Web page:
Food and fine art are no strangers; consider, for instance, Cezanne’s still lifes of fruit or the Rabelaisian feasts depicted by British painter William Hogarth in his 18th-century engravings. Rarely, though, have the two come together in such an intensely personal way as in A Tale of 12 Kitchens by London-born artist and graphic designer Jake Tilson. At first glance, the tome seems like a colorful scrapbook—the type of journal that might be found in an art student’s backpack. Then, as you explore further, it reveals itself to be a more complex affair: a photo book, a memoir, and a cookbook all rolled into one vibrant package.
Cataloguing the events of his nomadic life, Tilson has chosen to reminisce by way of the kitchen, specifically those in homes he’s inhabited over the years in London, Tuscany, New York, Los Angeles, and Scotland, among other locales. The result is a free-form narrative, replete with philosophical musings, recipes, sketches, and recollections of meals past, that weaves through overlapping arrangements of photographs: appetizing shots of favorite dishes (from pancakes to roasted grouse), details of labels and food packaging (a flattened box of Thomas’ english muffins, a jar of Gold’s horseradish, a plastic tab used to crimp shut a bagged loaf of bread), and silhouetted pictures of unusual cooking implements (there’s one of a trio of spurtles, rod-shaped stirring tools from Scotland), as well as rural and urban landscapes. Through this intermingling of words and images, Tilson examines the rituals and environments with which he’s grown intimate over the years, whether it’s cooking tortellini in brodo at his family’s Tuscan farmhouse or making burritos in a hotel bathroom. The book’s structure appears chaotic, but A Tale of 12 Kitchens ultimately establishes a graceful, calculated rhythm: each page is a vivid work of art unto itself.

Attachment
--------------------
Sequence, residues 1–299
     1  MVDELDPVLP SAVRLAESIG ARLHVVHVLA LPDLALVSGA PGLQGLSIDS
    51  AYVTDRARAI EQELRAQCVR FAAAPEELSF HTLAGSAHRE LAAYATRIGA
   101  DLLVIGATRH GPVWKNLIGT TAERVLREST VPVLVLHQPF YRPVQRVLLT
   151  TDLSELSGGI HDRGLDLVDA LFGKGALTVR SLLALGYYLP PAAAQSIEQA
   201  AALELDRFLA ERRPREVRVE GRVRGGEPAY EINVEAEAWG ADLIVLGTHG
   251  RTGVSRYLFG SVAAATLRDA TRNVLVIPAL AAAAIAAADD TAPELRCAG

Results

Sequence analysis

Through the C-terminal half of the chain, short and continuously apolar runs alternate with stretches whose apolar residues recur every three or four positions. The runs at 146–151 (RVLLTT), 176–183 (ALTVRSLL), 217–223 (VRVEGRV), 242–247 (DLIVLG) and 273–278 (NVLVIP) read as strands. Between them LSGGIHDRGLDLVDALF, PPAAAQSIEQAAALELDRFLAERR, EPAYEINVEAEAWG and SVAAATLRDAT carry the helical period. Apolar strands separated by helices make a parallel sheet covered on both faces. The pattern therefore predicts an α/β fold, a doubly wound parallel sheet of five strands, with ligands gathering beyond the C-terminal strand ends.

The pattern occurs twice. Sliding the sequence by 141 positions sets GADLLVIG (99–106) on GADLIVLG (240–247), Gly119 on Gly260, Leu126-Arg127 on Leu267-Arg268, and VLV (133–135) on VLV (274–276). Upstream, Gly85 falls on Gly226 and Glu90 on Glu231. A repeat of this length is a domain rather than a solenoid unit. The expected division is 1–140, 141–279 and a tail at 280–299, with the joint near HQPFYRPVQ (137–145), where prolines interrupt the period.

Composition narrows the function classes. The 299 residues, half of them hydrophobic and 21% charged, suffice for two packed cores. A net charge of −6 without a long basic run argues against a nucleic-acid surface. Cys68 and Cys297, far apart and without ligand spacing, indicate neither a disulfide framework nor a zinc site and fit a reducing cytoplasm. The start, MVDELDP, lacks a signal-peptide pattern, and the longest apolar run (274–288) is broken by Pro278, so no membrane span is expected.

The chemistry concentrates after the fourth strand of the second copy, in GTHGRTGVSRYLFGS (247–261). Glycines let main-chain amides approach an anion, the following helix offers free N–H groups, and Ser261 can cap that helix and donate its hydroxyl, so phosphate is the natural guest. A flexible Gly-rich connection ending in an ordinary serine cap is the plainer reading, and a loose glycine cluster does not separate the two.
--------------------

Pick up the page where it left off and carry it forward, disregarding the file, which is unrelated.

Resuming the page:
The recipes, many of which are facsimiles of the actual stained, handwritten originals, are an idiosyncratic bunch. In one, Tilson describes his boiling a couple of ducks in Aberdeenshire, Scotland, eventually smothering them in “a deep bank of snow to cool rapidly”. It’s the first—and likely only—recipe readers will ever have seen that calls for worcestershire sauce and snow. Other dishes are far more makeable, such as a beet and sumac salad and a Polish hunter’s stew of sauerkraut and sausages called bigos. Breezy, smart, and surprisingly unpretentious for such a personal undertaking, A Tale of 12 Kitchens is so rooted in Tilson’s family lore that he likens the publishing of it to “the selling of the family silver”. Still, I imagine that Tilson, who is 48, has plenty of memories yet to make.